When the victim visits a web, it will send it to 1.2.3.4 instead of the “real” VPN server, and because of the routing rule to prevent packets from being re-encrypted at the VPN server, the request is sent out of the Protected VPN tunnel, so all traffic is compromised.

The research team has discovered that the VPN clients built into Windows, macOS and iOS are vulnerable. Android 12 and above is not affected by this issue. Furthermore, quite a few VPNs on Linux are also vulnerable. Another important aspect is that most VPN services use a domain to establish the connection, instead of using a public IP address, therefore, they could be affected by this attack.

To prevent this attack, VPN clients must update and send all traffic through the VPN tunnel, except traffic generated by the application itself.

In the following video you can see a demonstration of how the attacks would be carried out:

As you can see, most VPNs are in jeopardy due to these security flaws, and it is that they could compromise our privacy and security quite easily. A very powerful computer is not necessary, anyone with access to the network can carry out these attacks, and they are independent of the VPN protocol used, since the encryption or the establishment of the connection are not attacked, but rather the routing table.

Has the problem been corrected yet?

In order to protect users, the corresponding security updates have been released days ago during a coordinated 90-day release, in collaboration with CERT/CC and various VPN providers. For example, Mozilla VPN, Surfshark, Malwarebytes, Windscribe, and Cloudflare’s WARP are already patched. Very soon many other companies will also release patches to fix or mitigate the problem on the VPN client side. In the event that you do not have updates to your VPN, the LocalNet attack could be mitigated by disabling access to the local network. Of course, the problem is mitigated by always using HTTPS for all communications, but unfortunately only websites that have HSTS guarantee that the connection will always be over HTTPS.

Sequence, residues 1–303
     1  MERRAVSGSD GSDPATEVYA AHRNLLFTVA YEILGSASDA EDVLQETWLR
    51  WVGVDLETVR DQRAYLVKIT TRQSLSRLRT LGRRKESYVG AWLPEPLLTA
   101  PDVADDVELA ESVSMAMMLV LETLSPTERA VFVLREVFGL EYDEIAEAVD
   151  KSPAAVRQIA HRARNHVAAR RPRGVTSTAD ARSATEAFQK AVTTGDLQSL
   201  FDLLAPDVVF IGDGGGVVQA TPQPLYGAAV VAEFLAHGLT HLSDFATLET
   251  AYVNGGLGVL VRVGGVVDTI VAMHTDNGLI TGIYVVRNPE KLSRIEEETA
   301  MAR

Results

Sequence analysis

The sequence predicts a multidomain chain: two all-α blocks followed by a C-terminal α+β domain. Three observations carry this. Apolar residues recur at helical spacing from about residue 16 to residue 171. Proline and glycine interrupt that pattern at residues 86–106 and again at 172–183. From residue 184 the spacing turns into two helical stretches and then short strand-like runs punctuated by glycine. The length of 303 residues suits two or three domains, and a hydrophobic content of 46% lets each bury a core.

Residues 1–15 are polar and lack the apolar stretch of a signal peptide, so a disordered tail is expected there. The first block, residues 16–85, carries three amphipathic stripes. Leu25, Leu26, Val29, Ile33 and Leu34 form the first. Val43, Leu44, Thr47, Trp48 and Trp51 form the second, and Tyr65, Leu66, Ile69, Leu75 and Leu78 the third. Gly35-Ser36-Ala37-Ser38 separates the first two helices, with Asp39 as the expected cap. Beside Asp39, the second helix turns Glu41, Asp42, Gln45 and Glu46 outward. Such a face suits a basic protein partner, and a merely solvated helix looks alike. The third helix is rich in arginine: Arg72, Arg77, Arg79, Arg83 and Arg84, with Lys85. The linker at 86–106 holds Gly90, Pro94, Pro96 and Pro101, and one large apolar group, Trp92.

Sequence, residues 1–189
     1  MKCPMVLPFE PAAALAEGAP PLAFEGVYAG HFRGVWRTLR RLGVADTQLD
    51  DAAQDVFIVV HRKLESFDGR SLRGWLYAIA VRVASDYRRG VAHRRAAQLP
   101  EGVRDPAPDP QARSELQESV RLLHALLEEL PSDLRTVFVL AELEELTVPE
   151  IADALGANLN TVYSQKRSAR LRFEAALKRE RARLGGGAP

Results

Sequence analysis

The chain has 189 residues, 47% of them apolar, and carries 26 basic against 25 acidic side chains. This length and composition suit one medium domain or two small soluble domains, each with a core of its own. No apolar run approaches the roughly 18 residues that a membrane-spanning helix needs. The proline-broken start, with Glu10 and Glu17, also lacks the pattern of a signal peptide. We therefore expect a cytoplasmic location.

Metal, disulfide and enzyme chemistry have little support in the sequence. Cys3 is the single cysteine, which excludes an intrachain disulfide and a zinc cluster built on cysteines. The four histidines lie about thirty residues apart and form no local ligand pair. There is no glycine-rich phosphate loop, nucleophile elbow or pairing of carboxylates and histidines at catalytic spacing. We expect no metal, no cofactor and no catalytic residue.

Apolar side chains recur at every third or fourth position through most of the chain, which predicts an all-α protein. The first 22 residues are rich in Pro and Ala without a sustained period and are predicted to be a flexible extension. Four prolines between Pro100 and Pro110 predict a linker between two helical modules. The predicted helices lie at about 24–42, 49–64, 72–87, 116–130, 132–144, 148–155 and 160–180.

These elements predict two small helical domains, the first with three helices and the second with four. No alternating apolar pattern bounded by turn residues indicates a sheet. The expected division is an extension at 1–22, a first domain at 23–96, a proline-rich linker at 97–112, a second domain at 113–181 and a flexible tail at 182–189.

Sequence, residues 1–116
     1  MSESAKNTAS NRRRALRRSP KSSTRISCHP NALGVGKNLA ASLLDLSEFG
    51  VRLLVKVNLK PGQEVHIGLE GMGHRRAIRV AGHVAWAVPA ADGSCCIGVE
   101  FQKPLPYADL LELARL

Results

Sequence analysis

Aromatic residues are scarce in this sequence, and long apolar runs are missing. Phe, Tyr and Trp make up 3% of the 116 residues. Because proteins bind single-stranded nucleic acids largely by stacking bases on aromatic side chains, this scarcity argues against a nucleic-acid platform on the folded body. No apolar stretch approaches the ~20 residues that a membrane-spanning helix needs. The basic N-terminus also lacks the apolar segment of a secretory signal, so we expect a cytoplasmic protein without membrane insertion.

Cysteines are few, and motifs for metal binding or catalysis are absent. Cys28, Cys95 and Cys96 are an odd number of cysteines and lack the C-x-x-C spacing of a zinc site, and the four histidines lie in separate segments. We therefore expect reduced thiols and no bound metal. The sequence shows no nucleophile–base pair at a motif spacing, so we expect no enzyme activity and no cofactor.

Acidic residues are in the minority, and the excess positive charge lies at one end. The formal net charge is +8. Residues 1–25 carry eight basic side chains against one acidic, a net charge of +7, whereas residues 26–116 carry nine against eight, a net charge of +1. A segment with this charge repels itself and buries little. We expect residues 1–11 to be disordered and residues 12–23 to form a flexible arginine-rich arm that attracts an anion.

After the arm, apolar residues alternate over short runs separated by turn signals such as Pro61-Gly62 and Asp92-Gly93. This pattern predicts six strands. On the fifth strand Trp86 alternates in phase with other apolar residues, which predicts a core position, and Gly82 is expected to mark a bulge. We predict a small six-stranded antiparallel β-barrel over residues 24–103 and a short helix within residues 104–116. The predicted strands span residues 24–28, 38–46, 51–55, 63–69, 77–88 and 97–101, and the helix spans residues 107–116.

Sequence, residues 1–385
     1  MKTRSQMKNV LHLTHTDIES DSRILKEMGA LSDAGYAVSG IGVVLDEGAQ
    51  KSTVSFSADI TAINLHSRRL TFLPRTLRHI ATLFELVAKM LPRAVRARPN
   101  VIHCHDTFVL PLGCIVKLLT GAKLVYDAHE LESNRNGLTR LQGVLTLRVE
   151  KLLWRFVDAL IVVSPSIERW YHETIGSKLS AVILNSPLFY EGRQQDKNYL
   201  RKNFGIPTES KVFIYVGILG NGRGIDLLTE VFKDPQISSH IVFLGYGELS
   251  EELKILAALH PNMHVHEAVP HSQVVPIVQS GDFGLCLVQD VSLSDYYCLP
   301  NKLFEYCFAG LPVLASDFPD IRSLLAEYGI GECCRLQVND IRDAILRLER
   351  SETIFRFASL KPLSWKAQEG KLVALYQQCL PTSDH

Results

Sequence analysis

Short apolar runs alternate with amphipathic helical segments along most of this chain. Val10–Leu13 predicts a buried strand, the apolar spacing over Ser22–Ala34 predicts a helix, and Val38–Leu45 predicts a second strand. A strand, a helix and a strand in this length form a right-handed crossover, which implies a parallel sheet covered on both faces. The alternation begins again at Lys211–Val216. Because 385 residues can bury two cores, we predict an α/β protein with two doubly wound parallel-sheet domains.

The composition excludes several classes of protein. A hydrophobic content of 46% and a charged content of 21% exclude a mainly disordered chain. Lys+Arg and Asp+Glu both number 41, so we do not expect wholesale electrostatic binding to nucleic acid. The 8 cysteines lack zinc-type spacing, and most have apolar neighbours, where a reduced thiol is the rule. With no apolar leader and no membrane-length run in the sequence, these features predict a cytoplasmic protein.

While most manufacturers and companies have reacted very quickly to solve this problem, we must emphasize that Microsoft does not plan to release any patch to fix this vulnerability., because they believe that this is not really a bug, that it is behavior by design and that there is no way information can be leaked once the tunnel has been established. The research team has shown that this is not true, and they believe that Microsoft has misunderstood the attacks.

In the case of DNS, taking into account that the majority of requests still use pure DNS and not the private alternatives like DNS over TLS or DNS over HTTPSIn this case, the solution would be to use DoT or DoH to protect ourselves and prevent a cybercriminal from seeing and manipulating the DNS requests we make. In many cases, VPNs are used to encapsulate other protocols that are not secure, such as RDP, FTP, or Telnet among others. In these cases, a cybercriminal could remove the protection offered by VPNs, and get hold of the access credentials of these insecure protocols, therefore, you must be very careful from now on.

We recommend you visit the official website of this TunnelCrack vulnerability where you will find all the technical details, including the paper with all the research and tests of the different VPN services.